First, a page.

- - Tuesday, April 9, 2019

As the Washington Capitals prepare for the opening round of the Stanley Cup playoffs, with Game 1 Thursday night against the Carolina Hurricanes, the coffee should taste a little sweeter than normal this time of year in the Capitals locker room.

The music should sound a little more upbeat.

The air should be a little lighter.

Skates a little looser and pads a bit stronger.

Their sticks should feel like … well, like they have goals to score, lots of them.

It’s a different April for the Washington Capitals. They are the defending Stanley Cup champions, and no matter how many clichés are trotted out about last year was last year, this is a new postseason and whatever they accomplished last season doesn’t matter anymore, no one is really buying that.

These Capitals recognize that they possess knowledge and experience that no other Capitals team in the 45-year history of the franchise has had. With that championship experience and knowledge comes faith.

“It has to feel different,” Brooks Orpik said. “I don’t care what you tell yourself. You have to recognize what we did last year. But I think as a group we did a really good job of enjoying what we did last year. I think everyone was really good about turning the page and moving on. This is a completely different year. But it’s impossible to put what we did last year out of your mind.”

Thanks to general manager Brian MacLellan, much of the team that won a Stanley Cup last June is intact, though there are important differences — the most dramatic being the coach in charge, Todd Reirden. Reirden replaced Barry Trotz when owner Ted Leonsis wouldn’t pay Trotz what a championship coach is worth.

But Reirden was here for some of the early-exit postseason pain. He joined the Capitals as an assistant coach in 2014. He knows how bitter the coffee used to taste, how heavy the air was, how tight the skates felt, before the weight was lifted with Washington’s Game 5 win over the Vegas Golden Knights to finally capture that elusive title.

So Reirden was asked point-blank what his team learned about winning last year.

“That one I could talk for a long time,” he said. “Sometimes until you actually taste the result, you don’t know whether it’s worth it or not. You hear about it a lot and you’re kind of wavering. Even as someone who’s been in that situation and won in the past, you try to share those experiences and it doesn’t really…they hear you, players hear you, other coaches hear you, but it doesn’t totally translate until you’ve actually gone through it and realized that every bit of sacrifice, every bit of pain that you went through, every bit of the adversity … It’s so worth it and then some. And I think that’s the opportunity that we were able to gain last year was knowing now how great it does taste and that should drive us through difficult times this year.”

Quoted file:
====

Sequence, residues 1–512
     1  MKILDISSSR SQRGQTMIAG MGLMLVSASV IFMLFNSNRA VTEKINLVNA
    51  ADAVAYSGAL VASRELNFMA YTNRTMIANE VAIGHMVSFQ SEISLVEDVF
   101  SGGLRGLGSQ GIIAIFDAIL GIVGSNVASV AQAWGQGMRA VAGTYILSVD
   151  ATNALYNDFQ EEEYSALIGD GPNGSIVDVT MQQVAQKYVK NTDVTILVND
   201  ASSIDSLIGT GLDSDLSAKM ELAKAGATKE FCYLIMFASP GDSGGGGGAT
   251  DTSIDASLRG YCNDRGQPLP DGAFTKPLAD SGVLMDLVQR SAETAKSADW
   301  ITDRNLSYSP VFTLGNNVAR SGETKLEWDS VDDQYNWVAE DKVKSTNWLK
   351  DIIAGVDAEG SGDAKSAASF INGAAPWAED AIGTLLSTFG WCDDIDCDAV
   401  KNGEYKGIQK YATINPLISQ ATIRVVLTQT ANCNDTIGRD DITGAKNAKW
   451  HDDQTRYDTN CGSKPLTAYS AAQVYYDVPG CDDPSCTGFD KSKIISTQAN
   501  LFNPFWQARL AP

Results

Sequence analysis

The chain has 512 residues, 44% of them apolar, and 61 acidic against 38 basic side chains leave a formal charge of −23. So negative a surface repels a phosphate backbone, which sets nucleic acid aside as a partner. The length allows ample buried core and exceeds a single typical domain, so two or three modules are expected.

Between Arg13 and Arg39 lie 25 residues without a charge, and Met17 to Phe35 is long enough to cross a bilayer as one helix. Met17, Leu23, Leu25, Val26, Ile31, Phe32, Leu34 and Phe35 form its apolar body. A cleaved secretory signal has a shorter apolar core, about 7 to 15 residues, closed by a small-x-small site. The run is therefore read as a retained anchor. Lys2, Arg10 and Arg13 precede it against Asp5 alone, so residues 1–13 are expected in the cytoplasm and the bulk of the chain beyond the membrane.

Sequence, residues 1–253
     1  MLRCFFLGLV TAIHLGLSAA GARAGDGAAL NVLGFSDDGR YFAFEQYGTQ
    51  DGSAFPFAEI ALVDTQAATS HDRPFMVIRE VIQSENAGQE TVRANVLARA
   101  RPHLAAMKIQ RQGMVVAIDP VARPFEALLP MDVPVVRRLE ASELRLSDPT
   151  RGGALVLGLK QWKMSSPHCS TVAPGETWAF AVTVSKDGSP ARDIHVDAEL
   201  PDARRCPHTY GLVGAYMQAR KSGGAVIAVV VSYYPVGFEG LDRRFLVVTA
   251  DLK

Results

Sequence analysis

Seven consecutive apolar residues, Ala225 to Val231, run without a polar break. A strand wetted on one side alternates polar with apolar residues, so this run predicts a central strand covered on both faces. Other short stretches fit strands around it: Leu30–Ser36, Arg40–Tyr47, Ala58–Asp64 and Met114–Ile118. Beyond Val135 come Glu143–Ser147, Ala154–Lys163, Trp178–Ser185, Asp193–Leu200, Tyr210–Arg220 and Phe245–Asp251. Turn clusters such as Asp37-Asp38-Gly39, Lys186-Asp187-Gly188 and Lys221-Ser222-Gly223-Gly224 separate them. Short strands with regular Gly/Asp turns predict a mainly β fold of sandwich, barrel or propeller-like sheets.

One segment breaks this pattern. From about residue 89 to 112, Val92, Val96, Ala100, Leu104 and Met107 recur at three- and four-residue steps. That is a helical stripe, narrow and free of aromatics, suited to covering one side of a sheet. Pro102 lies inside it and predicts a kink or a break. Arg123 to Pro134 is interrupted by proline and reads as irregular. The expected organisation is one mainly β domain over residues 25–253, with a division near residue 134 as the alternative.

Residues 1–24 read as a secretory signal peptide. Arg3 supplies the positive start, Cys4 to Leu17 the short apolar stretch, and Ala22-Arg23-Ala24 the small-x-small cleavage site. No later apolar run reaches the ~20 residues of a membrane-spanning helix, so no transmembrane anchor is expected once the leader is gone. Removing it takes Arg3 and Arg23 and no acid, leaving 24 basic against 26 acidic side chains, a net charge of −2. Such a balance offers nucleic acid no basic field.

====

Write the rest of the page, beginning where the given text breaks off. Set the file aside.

They know now that, when they are down 2-0 in a series, or facing an old demon like the Pittsburgh Penguins, their go-to move doesn’t have to be to tighten up.

“I don’t want to call it answers, but we’ve been through a lot more on that run than we ever had before,” John Carlson said. “Knowing that nothing is going to be perfect or always go as you wish … But just respond. I think that’s a big thing. Just respond. And I think our team has done a good job with that.”

It’s certainly different for Braden Holtby. Last year at this time he was the backup goaltender, as Trotz named his hotter goalie, Philipp Grubauer, to start the first round series against Columbus. After going down 2-0, Trotz put Holtby back in net, and the veteran helped carry the Capitals to their Stanley Cup victory, punctuated by his miraculous stick save in the final minutes of Game 2 of their final series against Vegas, saving Washington’s 3-2 win and evening the series at one game apiece.

“Our situation has changed,” Holtby said. “The end goal is still the same internally, but externally there is a lot less pressure that can affect the team. That’s why teams who have won before have found a way to have success again. I’m not saying it’s ever going to be easy. We just have a new level of experience with that type of thing and we just have to try to do the best with it.”

Knowing how to win and winning are, of course, two different things. The randomness of the Stanley Cup playoffs can render all that knowledge into a distant memory. But this time — for the first time — the Washington Capitals go into the playoffs knowing that the postseason ghosts that have haunted them for years have been busted.

You can hear Thom Loverro on 106.7 The Fan Wednesday afternoons and Saturday mornings and on the Kevin Sheehan Show podcast every Tuesday and Thursday.

• Thom Loverro can be reached at tloverro@washingtontimes.com.

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